To examine the impact of continuous glucose monitoring on diabetes management and marital relationships of adults with Type 1 diabetes and their spouses.


Nine younger (30–49 years) and 11 older (50–70 years) patients with Type 1 diabetes and 14 spouses participated in eight focus groups specific to age and role (patient or spouse). Audio-recorded data were transcribed, coded and analysed using thematic analysis and aided by NVivo software.


Qualitative analysis revealed participants perceived continuous glucose monitoring as positively influencing hypoglycaemia management by decreasing spouses' anxiety, vigilance and negative experiences. Participants also described continuous glucose monitoring as promoting collaborative diabetes management and increasing spousal understanding of diabetes, especially when planning and managing pregnancy. Couples' conflicts occurred when (1) patients assumed sole responsibility for continuous glucose monitoring and/or did not respond to night-time glucose alarms and (2) spouses did not understand alarms and felt frustrated and helpless to assist patients.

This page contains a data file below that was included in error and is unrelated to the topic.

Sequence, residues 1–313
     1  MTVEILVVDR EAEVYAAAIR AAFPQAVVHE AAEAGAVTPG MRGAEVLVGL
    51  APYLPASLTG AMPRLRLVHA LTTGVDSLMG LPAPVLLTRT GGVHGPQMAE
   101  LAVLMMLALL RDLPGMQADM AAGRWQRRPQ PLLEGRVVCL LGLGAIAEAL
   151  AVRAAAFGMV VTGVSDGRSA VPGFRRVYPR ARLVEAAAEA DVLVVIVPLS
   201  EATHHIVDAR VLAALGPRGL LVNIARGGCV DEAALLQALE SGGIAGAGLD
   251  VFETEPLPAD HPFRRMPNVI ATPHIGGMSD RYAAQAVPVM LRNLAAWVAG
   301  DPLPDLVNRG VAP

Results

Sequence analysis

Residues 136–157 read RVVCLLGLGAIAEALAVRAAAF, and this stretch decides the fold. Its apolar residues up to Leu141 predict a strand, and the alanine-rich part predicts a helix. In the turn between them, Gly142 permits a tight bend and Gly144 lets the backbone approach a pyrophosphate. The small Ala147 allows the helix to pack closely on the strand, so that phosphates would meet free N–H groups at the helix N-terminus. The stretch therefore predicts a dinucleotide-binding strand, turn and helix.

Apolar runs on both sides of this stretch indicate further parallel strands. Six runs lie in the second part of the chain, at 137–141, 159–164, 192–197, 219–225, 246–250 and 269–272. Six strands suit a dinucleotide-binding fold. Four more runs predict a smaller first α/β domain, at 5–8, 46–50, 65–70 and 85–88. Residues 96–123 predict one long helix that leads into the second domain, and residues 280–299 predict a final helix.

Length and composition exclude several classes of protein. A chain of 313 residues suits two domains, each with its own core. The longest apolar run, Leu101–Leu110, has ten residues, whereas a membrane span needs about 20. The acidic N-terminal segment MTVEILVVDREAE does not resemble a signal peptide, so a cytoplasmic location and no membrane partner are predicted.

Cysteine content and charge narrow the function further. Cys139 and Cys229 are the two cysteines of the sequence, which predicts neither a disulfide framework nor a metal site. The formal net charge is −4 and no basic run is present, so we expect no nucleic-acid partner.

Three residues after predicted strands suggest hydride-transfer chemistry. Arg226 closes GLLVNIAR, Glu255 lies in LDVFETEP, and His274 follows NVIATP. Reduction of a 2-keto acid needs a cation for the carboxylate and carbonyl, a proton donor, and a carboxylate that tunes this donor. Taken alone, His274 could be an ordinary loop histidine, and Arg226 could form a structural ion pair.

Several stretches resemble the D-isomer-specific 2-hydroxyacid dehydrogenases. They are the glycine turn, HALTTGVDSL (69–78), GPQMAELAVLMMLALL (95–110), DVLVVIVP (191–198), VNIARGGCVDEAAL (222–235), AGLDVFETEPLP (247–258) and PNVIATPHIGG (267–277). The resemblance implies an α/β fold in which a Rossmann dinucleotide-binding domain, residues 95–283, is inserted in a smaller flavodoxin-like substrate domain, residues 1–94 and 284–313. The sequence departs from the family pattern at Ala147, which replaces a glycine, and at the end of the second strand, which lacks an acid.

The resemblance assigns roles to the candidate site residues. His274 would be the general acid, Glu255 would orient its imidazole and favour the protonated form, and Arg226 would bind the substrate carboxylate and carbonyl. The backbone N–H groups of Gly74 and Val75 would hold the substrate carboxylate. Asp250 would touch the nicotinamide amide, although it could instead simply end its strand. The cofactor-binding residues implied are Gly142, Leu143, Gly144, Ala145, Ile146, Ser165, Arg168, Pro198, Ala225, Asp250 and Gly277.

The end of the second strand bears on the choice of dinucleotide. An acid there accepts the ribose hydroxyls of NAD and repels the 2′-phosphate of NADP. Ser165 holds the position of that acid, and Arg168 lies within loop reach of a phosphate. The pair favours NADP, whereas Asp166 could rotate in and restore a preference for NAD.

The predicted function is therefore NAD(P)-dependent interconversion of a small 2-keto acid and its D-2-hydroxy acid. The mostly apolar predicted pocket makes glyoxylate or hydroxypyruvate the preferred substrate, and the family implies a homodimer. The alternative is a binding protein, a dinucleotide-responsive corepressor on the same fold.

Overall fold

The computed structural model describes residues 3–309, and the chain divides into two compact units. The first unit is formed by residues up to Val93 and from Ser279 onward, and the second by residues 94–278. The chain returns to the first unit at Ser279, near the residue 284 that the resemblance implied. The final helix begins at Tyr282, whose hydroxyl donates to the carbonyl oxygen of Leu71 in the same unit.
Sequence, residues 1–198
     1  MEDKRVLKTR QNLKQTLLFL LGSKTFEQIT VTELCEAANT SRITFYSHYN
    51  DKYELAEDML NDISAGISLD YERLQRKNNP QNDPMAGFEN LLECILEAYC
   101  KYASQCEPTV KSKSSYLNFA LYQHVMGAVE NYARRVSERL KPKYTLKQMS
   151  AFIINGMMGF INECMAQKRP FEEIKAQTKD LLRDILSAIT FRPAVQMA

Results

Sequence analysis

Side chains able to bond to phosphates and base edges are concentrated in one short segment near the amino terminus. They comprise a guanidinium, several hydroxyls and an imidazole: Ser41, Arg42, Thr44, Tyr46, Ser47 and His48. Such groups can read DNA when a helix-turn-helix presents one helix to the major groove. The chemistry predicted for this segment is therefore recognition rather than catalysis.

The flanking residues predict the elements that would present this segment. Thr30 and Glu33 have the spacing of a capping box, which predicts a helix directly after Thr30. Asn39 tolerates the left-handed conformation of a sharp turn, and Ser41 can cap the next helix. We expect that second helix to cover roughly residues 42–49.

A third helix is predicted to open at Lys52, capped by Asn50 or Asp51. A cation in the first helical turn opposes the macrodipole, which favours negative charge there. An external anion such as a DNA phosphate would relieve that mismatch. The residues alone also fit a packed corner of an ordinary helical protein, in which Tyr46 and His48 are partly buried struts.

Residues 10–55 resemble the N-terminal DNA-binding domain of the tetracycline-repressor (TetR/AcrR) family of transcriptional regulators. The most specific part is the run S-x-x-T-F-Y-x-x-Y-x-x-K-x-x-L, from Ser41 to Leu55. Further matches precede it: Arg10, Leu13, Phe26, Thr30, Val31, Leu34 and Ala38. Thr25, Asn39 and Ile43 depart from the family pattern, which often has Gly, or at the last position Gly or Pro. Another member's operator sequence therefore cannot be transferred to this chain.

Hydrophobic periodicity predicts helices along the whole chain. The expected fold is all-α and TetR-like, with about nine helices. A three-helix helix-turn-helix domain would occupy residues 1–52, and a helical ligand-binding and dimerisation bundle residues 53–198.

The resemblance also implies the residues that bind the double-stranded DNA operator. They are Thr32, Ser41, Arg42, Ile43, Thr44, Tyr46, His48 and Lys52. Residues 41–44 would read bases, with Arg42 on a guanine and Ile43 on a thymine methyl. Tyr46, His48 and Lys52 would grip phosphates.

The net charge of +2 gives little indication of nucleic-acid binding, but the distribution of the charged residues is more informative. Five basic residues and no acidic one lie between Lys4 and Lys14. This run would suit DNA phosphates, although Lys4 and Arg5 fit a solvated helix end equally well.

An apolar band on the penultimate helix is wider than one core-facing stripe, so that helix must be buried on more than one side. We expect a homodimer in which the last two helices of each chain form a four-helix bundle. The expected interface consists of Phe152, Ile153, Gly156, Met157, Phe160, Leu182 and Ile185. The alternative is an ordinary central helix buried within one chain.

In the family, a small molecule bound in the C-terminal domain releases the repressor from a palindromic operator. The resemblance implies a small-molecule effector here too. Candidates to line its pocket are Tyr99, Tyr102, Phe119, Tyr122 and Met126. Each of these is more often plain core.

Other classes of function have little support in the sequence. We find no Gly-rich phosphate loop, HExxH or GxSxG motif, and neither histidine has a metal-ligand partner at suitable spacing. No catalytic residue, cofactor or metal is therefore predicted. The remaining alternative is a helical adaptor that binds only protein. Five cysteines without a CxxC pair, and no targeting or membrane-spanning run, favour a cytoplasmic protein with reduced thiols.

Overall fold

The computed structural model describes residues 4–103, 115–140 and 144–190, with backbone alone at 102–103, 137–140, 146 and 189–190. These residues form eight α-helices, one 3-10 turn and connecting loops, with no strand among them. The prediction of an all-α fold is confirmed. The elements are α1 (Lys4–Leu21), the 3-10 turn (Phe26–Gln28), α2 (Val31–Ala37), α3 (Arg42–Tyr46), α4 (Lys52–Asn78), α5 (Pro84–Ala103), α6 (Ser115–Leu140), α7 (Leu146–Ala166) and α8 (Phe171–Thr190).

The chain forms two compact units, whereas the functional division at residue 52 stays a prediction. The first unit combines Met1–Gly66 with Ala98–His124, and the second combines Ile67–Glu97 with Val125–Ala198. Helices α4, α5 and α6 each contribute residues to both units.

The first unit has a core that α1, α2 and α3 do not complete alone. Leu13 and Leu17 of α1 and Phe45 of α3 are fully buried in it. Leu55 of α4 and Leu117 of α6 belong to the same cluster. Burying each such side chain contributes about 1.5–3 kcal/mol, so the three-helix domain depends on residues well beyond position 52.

Our findings suggest that continuous glucose monitoring may positively impact collaborative diabetes management and marital relationships of patients with Type 1 diabetes and their spouses. However, reluctance to collaborate and lack of understanding may contribute to couples' conflicts around continuous glucose monitoring. Our findings have important implications for clinical care and point to the need for interventions that include spouses in continuous glucose monitoring training to increase their understanding of continuous glucose monitoring, minimize risk for spousal conflict and enhance collaborative diabetes management. Further studies are needed to explore these issues in more detail and depth with larger and more diverse populations.